Questions have been raised, however, regarding the technology used in the process, with civil society and those in academia requesting information on whether any telematics[4] equipment has been used. Information has also been sought on the filtering criteria being used – such as, for instance, whether there are prioritising criteria in play within the group recognition filters, including criteria for vulnerabilities, or if the date of arrival in Brazil is taken into consideration (as the longer the wait, the greater the accumulated vulnerabilities might be). So far, there has been no further clarification by the government on this RSD procedure, which in turn raises issues of transparency. In terms of personal privacy, no explanation has been given as to whether the asylum seekers’ personal information is being used (or may be used) for anything other than RSD. 

In April 2020, CONARE recognised 772 children from Venezuela as refugees but the process and the criteria used were not divulged, except for the fact that the CONARE meeting was held online due to the COVID-19 pandemic and that the children were all relatives of Venezuelans already recognised as refugees in Brazil. It is unclear if this was another instance of group recognition (which would mean a change in the filters CONARE had said they were using, as there had been an ‘over 18 years’ requirement) or if the relatives of the children were among the 38,000 previously recognised using the business intelligence tool. It is also not clear if the children were merely recognised as an extension of refugee status for a family member (as permitted by Law 9474/97) or if new and independent processes were created and new claims assessed.

Although, as CONARE claims, the group recognition practice has shortened the RSD process by two years, there were over 193,000 claims (of which close to 54% were made by Venezuelans) yet to be examined as of May 2020[5] and there is still no indication if the group recognition process (and the use of the same business intelligence tool and/or the same criteria) will be the standard from now on for Venezuelans. It is also relevant to observe that it took Brazil over four years (through a succession of politically diverse governments) from the beginning of the influx of a total of 500,000 Venezuelans into Brazil to apply not only group recognition but also the regional concept of refugee to this displacement context. Moreover, regarding the criteria used, it is telling that –  according to what has been divulged – specific vulnerabilities such as gender, disability, social characteristics or other enhanced need of international protection seem not to have been taken into consideration. Another concern relates to indigenous people from Venezuela requesting refugee status in Brazil. There is no information as to their inclusion or potential eligibility for inclusion in the group recognition; this potentially reflects a lack of consideration of one of the most vulnerable populations in the Venezuelan displacement flow.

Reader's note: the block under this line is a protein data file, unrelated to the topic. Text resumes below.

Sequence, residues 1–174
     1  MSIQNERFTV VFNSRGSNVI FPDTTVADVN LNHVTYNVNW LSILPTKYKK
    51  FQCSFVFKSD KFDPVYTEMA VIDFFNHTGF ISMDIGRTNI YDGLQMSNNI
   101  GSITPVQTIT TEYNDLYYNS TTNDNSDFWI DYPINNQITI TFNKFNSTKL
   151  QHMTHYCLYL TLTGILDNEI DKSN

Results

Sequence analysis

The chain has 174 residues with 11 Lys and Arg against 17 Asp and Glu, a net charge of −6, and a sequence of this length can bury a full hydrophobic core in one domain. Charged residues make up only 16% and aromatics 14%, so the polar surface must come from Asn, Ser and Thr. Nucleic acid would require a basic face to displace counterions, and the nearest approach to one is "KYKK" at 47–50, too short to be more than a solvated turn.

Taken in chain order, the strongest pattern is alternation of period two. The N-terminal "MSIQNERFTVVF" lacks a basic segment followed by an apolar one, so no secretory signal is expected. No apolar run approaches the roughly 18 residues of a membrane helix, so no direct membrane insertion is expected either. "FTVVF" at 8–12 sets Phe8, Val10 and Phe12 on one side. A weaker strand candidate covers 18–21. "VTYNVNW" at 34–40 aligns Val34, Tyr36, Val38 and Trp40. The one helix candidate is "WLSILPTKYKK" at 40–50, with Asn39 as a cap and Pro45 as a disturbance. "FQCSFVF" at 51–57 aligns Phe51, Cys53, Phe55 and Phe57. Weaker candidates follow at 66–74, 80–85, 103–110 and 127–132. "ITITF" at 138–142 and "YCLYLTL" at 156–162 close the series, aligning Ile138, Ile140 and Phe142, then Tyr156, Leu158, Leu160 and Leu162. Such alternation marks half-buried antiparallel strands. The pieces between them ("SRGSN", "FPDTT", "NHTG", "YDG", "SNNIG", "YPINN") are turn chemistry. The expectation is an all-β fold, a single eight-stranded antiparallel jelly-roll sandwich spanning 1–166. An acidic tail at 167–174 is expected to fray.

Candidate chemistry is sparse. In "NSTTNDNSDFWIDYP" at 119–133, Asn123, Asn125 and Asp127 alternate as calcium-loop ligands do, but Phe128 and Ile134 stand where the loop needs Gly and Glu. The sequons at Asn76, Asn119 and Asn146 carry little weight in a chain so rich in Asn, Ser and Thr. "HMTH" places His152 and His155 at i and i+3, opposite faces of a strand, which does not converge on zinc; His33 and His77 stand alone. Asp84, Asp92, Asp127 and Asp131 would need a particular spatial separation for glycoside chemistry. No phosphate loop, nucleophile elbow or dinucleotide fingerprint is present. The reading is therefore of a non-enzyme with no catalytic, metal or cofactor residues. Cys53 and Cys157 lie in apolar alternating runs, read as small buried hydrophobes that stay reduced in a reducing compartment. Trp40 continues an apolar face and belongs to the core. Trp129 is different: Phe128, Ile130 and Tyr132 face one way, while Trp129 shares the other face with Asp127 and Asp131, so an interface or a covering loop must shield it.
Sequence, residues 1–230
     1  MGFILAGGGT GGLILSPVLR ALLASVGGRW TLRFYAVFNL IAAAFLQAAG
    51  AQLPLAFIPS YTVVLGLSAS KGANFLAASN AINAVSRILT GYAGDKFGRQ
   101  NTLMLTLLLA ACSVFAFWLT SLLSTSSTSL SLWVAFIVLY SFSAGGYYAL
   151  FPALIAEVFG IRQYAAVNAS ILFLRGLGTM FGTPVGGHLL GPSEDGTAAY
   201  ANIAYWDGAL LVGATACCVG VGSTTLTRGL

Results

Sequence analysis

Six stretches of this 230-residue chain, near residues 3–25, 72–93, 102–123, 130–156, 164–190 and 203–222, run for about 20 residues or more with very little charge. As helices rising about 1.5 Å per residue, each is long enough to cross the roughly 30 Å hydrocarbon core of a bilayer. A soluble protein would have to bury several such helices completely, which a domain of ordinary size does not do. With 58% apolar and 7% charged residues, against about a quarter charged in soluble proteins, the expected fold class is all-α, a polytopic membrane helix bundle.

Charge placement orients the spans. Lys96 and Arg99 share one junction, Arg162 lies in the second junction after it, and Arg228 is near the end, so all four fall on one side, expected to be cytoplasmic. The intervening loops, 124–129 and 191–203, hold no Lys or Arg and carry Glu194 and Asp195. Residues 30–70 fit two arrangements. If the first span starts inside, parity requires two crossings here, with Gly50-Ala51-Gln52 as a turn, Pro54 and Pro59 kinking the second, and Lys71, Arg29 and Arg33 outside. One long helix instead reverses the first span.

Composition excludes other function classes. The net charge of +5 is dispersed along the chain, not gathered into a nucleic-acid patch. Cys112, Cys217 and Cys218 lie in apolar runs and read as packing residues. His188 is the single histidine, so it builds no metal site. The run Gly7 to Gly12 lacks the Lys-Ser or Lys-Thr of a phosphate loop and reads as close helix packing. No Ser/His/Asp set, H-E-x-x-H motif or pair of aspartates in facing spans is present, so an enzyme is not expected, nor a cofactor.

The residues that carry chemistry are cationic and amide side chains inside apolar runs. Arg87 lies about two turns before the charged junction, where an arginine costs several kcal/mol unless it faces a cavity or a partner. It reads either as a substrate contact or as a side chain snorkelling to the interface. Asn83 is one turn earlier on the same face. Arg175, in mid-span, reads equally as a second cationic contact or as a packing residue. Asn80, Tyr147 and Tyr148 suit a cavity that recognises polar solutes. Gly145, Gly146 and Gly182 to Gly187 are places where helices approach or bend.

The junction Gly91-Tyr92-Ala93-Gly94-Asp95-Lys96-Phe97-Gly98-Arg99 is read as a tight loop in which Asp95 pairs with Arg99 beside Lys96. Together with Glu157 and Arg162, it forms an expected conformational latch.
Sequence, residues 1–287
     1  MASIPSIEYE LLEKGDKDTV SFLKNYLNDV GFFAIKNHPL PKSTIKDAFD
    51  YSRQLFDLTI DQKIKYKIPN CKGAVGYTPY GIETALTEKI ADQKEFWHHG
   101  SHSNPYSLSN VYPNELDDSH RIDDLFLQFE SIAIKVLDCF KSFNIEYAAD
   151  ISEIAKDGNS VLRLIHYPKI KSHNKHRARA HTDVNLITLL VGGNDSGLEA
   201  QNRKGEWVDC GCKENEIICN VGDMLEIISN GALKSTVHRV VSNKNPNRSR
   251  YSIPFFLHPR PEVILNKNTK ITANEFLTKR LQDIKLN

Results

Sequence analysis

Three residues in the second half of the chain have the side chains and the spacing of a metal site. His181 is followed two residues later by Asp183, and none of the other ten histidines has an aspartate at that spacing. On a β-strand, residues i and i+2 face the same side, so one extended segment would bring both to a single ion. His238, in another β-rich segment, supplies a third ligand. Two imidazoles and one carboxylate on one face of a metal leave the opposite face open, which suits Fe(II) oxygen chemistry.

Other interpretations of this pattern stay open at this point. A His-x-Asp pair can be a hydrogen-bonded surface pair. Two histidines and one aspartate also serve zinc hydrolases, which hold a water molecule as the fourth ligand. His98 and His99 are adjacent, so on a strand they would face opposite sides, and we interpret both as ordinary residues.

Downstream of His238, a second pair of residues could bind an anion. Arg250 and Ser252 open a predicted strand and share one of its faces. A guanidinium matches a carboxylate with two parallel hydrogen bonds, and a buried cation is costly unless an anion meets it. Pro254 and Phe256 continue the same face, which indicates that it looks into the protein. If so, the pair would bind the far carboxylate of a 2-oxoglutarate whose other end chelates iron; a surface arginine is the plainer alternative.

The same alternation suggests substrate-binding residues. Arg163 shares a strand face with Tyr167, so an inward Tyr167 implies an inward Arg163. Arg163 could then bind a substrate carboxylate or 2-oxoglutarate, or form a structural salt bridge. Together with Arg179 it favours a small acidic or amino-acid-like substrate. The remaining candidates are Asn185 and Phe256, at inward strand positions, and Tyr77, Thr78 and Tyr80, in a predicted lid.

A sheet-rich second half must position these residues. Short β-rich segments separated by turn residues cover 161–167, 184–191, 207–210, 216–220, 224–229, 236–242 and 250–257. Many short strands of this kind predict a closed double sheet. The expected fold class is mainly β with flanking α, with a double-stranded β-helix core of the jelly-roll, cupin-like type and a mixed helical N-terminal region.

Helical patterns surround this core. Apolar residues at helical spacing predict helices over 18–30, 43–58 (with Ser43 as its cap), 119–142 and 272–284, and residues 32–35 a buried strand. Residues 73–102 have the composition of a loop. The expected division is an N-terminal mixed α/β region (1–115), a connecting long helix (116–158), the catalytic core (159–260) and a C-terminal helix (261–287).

These issues create a lack of clarity over whether this process can really be considered group recognition – or whether instead it might actually be considered a mass or ‘en bloc’ determination of individual RSD decisions. If it is indeed group recognition, this is a landmark in terms of Brazil’s widely-praised history of refugee protection[6] and may also lead to greater protection for displaced Venezuelans. In either case, greater transparency about how this technology is applied and a comprehensive commitment to protection are required for the model to be considered adequate.      


Liliana Lyra Jubilut 
Professor, Universidade Católica de Santos 

João Carlos Jarochinski Silva 
Professor, Universidade Federal de Roraima  


[1] For more details on the legal status of Venezuelans in Brazil see, for instance, Jubilut L L and Jarochinski Silva J C (2018) ‘Venezuelans in Brazil: Challenges of Protection’, E-International Relations

[2] See Jubilut L L, Vera-Espinoza M and Mezzanotti G (2019) ‘The Cartagena Declaration at 35 and Refugee Protection in Latin America’, E-International Relations and Blouin C, Berganza I and Feline Freier L (2020) ‘The spirit of Cartagena? Applying the extended refugee definition to Venezuelans in Latin America’, Forced Migration Review issue 63

[3] (Portuguese only)

[4] Merging telecommunications and informatics.

[5] Delfim R B (August 2020) ‘Mais 7,7 mil Venezuelanos são reconhecidos como refugiados pelo Brasil’, MigraMundo

[6] UNHCR (6 December 2019) ‘UNHCR welcomes Brazil’s decision to recognize thousands of Venezuelans as refugees’